Morris: Most of my career was not spent in this digital world. So, when I think back to earlier in my career, and how I’ve worked my way into where I am today, a lot of it was being authentic with who I am, delivering high-quality work that gained respect, networking properly, being professional, trying to stay out of the office politics, and not gossiping. All those things build on who you are and how you present your authentic self to people.
It’s something that starts very early — you have to be very aware of your behavior when you’re just figuring out, “Who am I? Who do I want to be? Who do I not want to be?” And staying true to that and taking some time to reflect on that. “Am I behaving how I wanna be? Am I off-course from my personal brand right now?”
I think through a lot of those things when I’m in stressful situations. If I start to feel like I’m turning into something I don’t like, I have to stop and reflect.
Q: How can we become better negotiators for our needs, our career development, and our salaries?
Morris: I feel like, in today’s world, there is so much more information, and it’s so much easier than it used to be. Because now we have these platforms like Salaries.com or Glassdoor. There are places you can go to get a sense of what the market value is for a position.
But back in the day, it was all very secret. You could be in the same position with somebody, and you could be getting paid $10,000 less — but you’re doing the same job. That was very common. Today, there’s a lot more information available for women to negotiate better for themselves.
And it’s become very common in today’s world for people to ask each other what their salaries are, their on-target earnings with their bonus and stock, and whether they’re getting long-term incentives. Don’t be afraid to ask other people what they’re making, and don’t be afraid to have conversations that used to be super taboo. It’s becoming less taboo for women because it’s how we’re learning about what’s going on.
Never stay stagnant on your salary, especially right now. The market is in complete turmoil, high-tech people are moving all over the place, and there are employee shortages everywhere. If you’re staying stagnant right now, there may be better opportunities for you to bump up your salary by $20,000 real fast in a job you may like even more. So, stay uncomfortable, stay on top of your worth, and communicate with people about it.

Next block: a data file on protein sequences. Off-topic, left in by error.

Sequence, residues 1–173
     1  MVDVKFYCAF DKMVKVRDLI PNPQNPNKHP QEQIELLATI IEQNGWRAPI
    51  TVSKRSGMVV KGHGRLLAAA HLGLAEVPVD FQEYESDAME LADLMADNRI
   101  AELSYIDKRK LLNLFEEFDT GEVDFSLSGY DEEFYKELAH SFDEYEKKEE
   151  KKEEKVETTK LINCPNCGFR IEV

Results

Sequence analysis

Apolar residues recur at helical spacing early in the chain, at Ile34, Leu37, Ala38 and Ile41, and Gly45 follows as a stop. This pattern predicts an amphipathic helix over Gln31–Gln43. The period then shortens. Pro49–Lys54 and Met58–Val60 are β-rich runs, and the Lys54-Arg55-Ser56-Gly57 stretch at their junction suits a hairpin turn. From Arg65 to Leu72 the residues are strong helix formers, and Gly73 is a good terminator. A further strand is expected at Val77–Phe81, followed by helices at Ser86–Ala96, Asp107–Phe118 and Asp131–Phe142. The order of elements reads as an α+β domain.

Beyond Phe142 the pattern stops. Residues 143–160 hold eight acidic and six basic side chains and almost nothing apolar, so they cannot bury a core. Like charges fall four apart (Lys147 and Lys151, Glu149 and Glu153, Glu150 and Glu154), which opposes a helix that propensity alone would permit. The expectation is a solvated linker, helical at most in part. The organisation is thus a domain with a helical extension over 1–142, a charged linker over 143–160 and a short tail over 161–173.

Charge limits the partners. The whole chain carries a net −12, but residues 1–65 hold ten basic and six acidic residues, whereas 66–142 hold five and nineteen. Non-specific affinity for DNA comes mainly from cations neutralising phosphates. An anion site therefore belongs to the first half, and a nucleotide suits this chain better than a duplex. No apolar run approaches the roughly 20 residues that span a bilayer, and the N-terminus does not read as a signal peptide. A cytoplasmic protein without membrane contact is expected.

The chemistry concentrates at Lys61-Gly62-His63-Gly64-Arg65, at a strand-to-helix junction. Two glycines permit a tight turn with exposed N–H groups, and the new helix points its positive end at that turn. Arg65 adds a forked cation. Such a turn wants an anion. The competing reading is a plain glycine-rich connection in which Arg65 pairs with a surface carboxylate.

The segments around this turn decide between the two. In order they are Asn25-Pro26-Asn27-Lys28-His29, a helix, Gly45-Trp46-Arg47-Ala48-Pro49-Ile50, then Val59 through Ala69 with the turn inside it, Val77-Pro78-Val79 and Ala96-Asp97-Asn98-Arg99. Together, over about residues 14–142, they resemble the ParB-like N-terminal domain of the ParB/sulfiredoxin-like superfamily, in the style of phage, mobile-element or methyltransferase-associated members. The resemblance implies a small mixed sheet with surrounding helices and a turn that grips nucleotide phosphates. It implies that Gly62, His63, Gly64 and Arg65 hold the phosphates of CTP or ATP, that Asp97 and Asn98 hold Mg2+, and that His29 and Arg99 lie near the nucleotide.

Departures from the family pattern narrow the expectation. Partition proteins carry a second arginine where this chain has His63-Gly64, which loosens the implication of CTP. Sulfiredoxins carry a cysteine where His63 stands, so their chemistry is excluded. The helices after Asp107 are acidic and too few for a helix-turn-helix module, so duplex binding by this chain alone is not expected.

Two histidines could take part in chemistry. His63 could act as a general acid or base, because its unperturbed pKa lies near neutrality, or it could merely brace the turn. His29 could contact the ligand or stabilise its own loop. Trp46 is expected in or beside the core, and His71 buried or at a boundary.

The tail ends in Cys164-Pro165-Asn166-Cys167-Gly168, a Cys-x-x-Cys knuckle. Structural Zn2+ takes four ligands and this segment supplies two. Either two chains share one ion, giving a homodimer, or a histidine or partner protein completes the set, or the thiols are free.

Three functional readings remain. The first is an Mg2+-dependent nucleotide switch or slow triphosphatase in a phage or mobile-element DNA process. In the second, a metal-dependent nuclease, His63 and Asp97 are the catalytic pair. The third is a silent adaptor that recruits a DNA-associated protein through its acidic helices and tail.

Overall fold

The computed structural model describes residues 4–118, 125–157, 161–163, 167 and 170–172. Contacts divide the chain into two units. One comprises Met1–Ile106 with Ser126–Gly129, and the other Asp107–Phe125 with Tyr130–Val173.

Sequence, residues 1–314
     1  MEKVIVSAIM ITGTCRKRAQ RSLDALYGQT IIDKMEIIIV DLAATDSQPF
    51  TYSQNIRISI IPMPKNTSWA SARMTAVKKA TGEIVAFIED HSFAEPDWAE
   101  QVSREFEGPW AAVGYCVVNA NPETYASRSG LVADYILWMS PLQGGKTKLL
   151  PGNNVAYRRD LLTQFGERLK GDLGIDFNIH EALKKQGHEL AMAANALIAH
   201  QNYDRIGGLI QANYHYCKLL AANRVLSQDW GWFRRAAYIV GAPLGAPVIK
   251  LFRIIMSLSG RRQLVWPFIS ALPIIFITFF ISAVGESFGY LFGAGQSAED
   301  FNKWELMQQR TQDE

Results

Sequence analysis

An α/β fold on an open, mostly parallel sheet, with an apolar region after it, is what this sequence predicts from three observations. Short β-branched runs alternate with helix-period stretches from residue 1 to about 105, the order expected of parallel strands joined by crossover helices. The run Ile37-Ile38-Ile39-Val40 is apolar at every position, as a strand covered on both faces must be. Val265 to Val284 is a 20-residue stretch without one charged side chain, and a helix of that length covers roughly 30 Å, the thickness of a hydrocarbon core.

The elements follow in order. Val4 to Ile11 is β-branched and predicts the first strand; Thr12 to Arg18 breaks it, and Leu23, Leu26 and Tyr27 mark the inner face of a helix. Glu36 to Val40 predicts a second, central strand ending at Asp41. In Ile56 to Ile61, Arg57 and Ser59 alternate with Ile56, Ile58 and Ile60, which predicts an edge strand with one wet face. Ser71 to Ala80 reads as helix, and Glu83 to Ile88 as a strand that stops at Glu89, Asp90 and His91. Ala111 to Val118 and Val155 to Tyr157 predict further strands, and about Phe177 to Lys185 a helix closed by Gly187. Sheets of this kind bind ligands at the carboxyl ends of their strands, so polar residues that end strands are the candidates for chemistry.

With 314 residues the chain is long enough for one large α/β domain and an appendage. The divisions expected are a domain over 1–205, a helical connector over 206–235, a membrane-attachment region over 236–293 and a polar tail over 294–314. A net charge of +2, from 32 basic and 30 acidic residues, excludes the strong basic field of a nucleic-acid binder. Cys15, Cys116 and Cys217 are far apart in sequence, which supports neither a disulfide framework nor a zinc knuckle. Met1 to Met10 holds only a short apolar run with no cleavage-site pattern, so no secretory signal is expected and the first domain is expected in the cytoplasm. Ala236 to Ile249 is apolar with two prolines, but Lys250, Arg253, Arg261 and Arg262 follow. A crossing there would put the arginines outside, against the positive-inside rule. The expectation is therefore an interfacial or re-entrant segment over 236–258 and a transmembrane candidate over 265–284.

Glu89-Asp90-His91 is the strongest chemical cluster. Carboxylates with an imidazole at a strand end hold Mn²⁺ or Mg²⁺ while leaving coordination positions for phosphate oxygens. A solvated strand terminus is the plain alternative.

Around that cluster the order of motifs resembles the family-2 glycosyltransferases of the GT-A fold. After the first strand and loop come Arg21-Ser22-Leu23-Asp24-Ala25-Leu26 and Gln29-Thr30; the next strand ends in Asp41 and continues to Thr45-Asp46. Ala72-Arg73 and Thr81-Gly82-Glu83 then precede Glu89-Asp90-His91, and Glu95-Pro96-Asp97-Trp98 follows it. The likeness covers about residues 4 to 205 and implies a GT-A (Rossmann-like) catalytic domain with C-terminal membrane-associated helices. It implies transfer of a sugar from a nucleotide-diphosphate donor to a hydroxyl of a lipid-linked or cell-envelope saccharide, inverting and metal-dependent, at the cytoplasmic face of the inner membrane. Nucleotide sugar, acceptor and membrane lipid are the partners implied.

Q: What one piece of advice would you give to somebody starting out in their career today?
Morris: Stay uncomfortable, take risks, know your worth.
I learned, when you get too comfortable in a company and settle for the 3%, 4%, or 5% raise every year, that’s what you’re going to get. I wanted to move up faster, and I was taking a lot of risks, and I was ok with that.
And so, you know, every time I leave a company, two to three years later, I’d increase my salary 20 to 30k. And I did that every two to three years. Now, that was my story, and that’s how I was motivated. But I also love to learn, and if I was no longer being challenged and I wasn’t uncomfortable, and I wasn’t learning new things, I moved on.
If you feel like your career stalled out, then it’s time to go — just keep moving. The journey is part of the fun.
Knowing your value will take you far. To learn more, be sure to check out our webinar, Women in B2B Marketing: Career Advancement Strategies & Advice.